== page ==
With 2,000 global employees and turnover of nearly 1 billion Euros, the Azimut-Benetti Group is the world's largest manufacturer of motor yachts. Giovanna Vitelli is the daughter of company founder Paolo Vitelli, as well as the group's vice president, responsible for many of its core operations. In this film, she talks us through how she benefited from starting her career outside of the family business, but also explains how family ownership has...

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Pictet – Multi-Generational Wealth: Yamagata Dantsu

Yamagata Dantsu is one of the world's oldest and finest makers of custom handmade carpets. Since its birth in 1935, its workshop in Yamanobe, in Yamagata Prefecture, has created carpets for some of Japan's architectural jewels, including the Imperial Palace and Tokyo's Kabukiza Theatre. In recent years, the company, owned by the Watanabe family, has extended its international reputation through collaborations with some of the world's top designers,...

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House View, November 2020

The upsurge in covid-19 cases will likely hurt global economic prospects in the current quarter. With a Democrat 'blue wave' failing materialise in the US elections, hopes of a substantial spending bill have faded and there is risk that US household incomes suffer as existing support measures fade. In the meantime, covid-19 infections continue surge in the US. 

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Pictet — Family business: Carl Hansen & Søn

Carl Hansen & Søn, one of the world’s most storied furniture manufacturers, is today run by Knud Erik Hansen, the grandson of the company’s eponymous founder. During his time at the helm, the family business, which is headquartered in southern Denmark, has grown from relative obscurity into a globally renowned brand and now employs over 400 people. With its design credentials cemented and the next generation of the family preparing to take the...

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Weekly View – A sure thing

Signs from last week’s SURE programme to finance partial unemployment schemes are highly encouraging for the EU’s plans for recovery fund issuance which could start, we believe, in mid-2021. Last week’s SURE issue was close to 14 times oversubscribed at a rate lower than that for French government bonds of comparable duration.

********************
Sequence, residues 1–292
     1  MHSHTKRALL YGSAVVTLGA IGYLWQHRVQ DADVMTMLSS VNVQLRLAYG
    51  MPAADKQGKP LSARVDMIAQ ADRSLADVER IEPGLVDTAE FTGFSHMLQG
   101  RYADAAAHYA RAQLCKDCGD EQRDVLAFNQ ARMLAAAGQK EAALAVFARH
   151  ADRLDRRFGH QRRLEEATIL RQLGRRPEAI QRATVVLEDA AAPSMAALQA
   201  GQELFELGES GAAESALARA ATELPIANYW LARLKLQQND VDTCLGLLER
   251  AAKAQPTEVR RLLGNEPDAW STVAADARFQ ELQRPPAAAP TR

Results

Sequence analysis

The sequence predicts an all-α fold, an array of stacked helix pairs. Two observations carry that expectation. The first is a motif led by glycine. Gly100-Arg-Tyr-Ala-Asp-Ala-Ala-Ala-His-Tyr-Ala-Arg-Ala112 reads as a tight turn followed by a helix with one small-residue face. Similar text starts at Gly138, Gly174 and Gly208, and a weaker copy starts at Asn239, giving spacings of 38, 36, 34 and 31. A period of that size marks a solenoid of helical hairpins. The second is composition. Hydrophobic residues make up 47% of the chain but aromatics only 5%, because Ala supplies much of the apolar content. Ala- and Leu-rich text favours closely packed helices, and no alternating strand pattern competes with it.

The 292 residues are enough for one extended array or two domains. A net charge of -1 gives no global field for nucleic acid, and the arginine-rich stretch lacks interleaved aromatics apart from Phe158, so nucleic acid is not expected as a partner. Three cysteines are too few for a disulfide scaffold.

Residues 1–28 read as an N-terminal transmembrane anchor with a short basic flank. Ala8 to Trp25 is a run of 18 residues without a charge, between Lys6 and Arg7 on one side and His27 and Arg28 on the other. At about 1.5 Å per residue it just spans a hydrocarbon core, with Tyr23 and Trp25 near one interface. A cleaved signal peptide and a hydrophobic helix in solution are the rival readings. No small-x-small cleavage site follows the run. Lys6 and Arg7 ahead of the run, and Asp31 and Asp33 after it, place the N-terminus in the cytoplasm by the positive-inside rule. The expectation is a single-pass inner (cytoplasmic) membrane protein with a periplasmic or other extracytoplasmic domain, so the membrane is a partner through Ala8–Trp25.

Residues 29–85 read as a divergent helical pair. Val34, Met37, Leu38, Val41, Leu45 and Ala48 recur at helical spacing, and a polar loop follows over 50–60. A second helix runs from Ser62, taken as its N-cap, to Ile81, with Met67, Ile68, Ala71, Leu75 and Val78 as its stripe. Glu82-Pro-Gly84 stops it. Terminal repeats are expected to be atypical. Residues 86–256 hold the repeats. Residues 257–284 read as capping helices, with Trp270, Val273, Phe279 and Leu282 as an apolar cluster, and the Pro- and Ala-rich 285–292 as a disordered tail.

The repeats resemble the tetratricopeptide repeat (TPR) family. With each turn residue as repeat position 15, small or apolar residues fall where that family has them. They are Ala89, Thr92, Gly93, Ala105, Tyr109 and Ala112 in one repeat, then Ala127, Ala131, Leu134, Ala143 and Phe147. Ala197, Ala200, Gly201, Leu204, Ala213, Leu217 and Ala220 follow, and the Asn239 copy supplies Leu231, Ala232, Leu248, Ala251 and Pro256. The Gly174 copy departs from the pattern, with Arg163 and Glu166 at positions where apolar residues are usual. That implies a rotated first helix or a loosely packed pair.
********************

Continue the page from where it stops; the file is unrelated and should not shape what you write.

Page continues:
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Weekly View – Biden time for markets

Donald Trump’s poll numbers were looking increasingly unhealthy at the time of writing, but at least the cocktail of drugs administered to the coronavirus-stricken President appears to have worked.

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House View, October 2020

Rising coronavirus cases accompanied by flagging recovery momentum and a fractious run-up to the US elections make prospects for equities highly reliant on 3Q results and further policy stimulus. Against this background we have downgraded our stance on euro area equities from neutral to underweight, following a similar downgrade for US equities in August.

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Weekly View – No breakfast at Tiffany’s

The impact of political tensions on business is ever more apparent: LVMH of France will not, after all, proceed with the purchase of Tiffany of the US. If, as seems likely, the hand of the French government was involved, this is solid evidence that political sensitivities are increasingly influencing cross-border deals – something that is likely to remain the case just as M&A in general has been declining.

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House View, September 2020

A surge in new covid-19 cases in a number of countries has interrupted progress towards normality, yet the effects of the virus are becoming more manageable and positive world H2 growth is achievable.

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Weekly View – Election nerves increase

The sell-off in stocks last week showed a certain nervousness about the sharp run-up in tech stocks and the role of big option bets. Indeed, prices in some instances had risen too fast. But this was a technical correction. With the US tech titans generating free cash flow, we do not believe we are facing a repeat of the bursting of the dot-com bubble in 2000.